IU alumna creates design for 2010 Lincoln Bicentennial Penny
The artwork of Indiana University Bloomington alumna Lyndall Bass will soon make its way across the country -- and eventually, around the globe -- in wallets, purses, piggy banks and gumball machines everywhere.
Bass created one of four designs selected for the reverse side of a 2010 Lincoln Bicentennial Penny. The new penny is being issued in recognition of the bicentennial of President Abraham Lincoln's birth and the 100th anniversary of the first issuance of the Lincoln cent.
Bass said her biggest challenge was to try and pack as much meaning as possible into a simple design while making it interesting, elegant, classic and modern all at once.
Her penny features the "One Cent" inscription on a waving scroll, which symbolizes that "money does not become true currency unless it is moving," she said. The penny also bears a shield, a metaphor for protection of the union, and has thirteen vertical stripes bound by a horizontal bar, meant to symbolize the thirteen original states joined in one compact union.
Bass also superimposed the shield and scroll over Leonardo Da Vinci's "Vitruvian Man" to humanize the image and said that she found that it carried a symbolic sense of "E pluribus unum" as an expanding chest.
"It occurred to me then that President Lincoln was best commemorated this way as his enormous courage, that is, 'heart,' to endure the terrible hardships of being the nation's Civil War commander was the deciding factor in enabling us to have a united country," she said.
Bass originally transferred to IU from the Pennsylvania Academy of Fine Arts after three years of study, in part to work with Bonnie Sklarski, a now-retired IU professor of fine arts in painting.
"Knowing Bonnie Sklarski was a painting instructor at IU and could provide me with a broader education -- including all her early 20th-century influences from New York -- was really the deciding factor in choosing the college," she said. Sklarski became both an important mentor and a close friend in the years that followed. After receiving her BA in painting in 1984, Bass chose to pursue a graduate degree in the IU Department of Education -- specializing in Instructional Systems Technology -- from which she received an MA in 1987.
"The team-concept building methodologies I learned in the program were instrumental in navigating the 'design by committee' requirements of the U.S. Mint," she said.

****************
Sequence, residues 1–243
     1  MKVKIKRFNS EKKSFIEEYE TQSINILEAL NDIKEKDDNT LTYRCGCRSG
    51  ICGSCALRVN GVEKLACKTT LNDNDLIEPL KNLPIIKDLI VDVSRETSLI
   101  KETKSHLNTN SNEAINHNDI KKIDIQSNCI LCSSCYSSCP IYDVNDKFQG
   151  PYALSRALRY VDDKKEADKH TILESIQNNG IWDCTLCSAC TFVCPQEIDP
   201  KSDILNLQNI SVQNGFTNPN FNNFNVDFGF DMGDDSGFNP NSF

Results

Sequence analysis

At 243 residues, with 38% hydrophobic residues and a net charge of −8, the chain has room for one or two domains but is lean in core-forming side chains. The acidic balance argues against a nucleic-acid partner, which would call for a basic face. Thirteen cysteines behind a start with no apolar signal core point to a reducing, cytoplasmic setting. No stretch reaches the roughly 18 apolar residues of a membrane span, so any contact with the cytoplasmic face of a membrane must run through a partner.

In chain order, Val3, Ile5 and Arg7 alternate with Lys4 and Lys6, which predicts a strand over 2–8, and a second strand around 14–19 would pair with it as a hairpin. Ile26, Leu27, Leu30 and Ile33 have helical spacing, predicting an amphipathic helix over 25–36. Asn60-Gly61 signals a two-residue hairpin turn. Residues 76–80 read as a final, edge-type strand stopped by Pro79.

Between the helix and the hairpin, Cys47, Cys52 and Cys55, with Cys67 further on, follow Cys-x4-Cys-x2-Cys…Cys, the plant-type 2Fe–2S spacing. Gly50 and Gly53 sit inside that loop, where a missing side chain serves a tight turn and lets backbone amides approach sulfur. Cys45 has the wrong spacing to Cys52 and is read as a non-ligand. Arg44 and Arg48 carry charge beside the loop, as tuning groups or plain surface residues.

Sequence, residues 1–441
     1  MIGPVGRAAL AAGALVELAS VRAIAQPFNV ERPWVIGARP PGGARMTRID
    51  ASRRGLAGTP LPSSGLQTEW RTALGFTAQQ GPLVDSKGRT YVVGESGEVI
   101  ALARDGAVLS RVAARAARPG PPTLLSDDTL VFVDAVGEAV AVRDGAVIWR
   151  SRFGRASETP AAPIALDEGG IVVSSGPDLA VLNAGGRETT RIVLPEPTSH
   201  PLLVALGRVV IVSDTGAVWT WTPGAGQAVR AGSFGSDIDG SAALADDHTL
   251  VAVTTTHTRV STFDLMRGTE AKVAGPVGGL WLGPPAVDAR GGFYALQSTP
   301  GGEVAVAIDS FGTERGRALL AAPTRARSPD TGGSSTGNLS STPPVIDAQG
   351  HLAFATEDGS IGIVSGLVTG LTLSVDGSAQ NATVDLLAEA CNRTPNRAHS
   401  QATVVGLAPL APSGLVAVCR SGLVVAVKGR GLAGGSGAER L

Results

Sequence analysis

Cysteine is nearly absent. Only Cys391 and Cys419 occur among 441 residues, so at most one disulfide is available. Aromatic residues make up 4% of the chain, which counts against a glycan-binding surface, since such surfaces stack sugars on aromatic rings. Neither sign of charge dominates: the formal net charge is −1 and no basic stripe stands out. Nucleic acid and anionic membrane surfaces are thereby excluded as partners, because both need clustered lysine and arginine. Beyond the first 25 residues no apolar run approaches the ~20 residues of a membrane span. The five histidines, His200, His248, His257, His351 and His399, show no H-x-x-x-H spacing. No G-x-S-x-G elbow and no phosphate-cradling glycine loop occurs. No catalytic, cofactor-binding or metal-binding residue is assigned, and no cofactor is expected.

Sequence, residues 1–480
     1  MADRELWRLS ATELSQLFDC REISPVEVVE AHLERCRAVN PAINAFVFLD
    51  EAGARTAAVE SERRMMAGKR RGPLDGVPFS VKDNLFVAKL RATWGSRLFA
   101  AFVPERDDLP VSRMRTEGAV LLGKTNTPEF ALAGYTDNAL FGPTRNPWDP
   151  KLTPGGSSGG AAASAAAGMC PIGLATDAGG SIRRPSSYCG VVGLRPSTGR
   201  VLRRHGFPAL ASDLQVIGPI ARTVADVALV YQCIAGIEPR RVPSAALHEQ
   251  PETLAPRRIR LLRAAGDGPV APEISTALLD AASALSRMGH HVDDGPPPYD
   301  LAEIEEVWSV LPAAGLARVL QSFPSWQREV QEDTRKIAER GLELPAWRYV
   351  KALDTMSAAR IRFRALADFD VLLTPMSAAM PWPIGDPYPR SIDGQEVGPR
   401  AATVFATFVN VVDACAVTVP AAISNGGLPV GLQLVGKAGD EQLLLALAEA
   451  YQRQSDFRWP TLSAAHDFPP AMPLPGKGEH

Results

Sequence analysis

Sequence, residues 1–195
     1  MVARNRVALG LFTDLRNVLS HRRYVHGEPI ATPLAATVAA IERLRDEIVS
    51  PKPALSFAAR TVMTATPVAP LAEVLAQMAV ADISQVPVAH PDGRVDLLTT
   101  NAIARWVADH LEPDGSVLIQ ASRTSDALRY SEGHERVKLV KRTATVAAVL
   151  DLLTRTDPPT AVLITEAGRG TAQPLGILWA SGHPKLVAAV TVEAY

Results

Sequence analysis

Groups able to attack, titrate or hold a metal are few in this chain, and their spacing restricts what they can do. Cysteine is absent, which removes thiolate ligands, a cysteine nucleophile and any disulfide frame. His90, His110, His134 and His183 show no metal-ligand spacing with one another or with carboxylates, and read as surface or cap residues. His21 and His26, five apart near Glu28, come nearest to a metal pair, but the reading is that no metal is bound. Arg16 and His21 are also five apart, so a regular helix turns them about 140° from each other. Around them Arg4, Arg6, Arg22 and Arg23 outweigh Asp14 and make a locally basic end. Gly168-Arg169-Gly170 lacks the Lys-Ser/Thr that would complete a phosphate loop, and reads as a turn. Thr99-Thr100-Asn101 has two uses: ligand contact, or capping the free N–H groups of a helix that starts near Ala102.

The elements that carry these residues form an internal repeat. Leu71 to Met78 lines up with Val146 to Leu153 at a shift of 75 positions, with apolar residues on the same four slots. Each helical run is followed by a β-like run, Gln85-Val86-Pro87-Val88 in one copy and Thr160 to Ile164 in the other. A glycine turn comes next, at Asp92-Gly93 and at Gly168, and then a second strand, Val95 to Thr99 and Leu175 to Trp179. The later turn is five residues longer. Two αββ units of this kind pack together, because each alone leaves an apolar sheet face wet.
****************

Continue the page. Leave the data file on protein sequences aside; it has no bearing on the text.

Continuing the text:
Each American coin design is the product of an intense competition between the freelance artists invited to participate, with the staff sculptors, engravers and various national committees debating the merits and possible changes of each design, said Bass. The 2010 penny designs were eventually distilled to 18 finalists. Two of the four formal designs Bass submitted were among the final 18. "The design chosen had an interesting and controversial development, eventually becoming the very minimal and almost logo-like motif we will all be seeing soon," she said.
When Bass was a single mom putting herself through IU, she recalls taking a shortcut through the Indiana Memorial Union past a former marble fireplace that remained after a remodeling. Inscribed upon the mantle was a quote from Abraham Lincoln -- "I will study and get ready and then maybe the chance will come."
"There were many days during that difficult time that Mr. Lincoln's quote sustained me and gave me courage," she said. "My experience at IU is for me, emblazoned on the penny for this reason."
IU Professor Jamsheed Choksy (Central Eurasian Studies), who was recently elected a fellow of the American Numismatic Society, calls Bass' penny design "a monumental achievement" for an artist. "Think of all the millions of pennies that are going to be produced over the years. Literally billions of people will see this design," he said. "The basic form of coins as we know them goes back to between the 6th and 5th centuries BCE. Throughout history the images on coins in particular are used to convey the values of the society."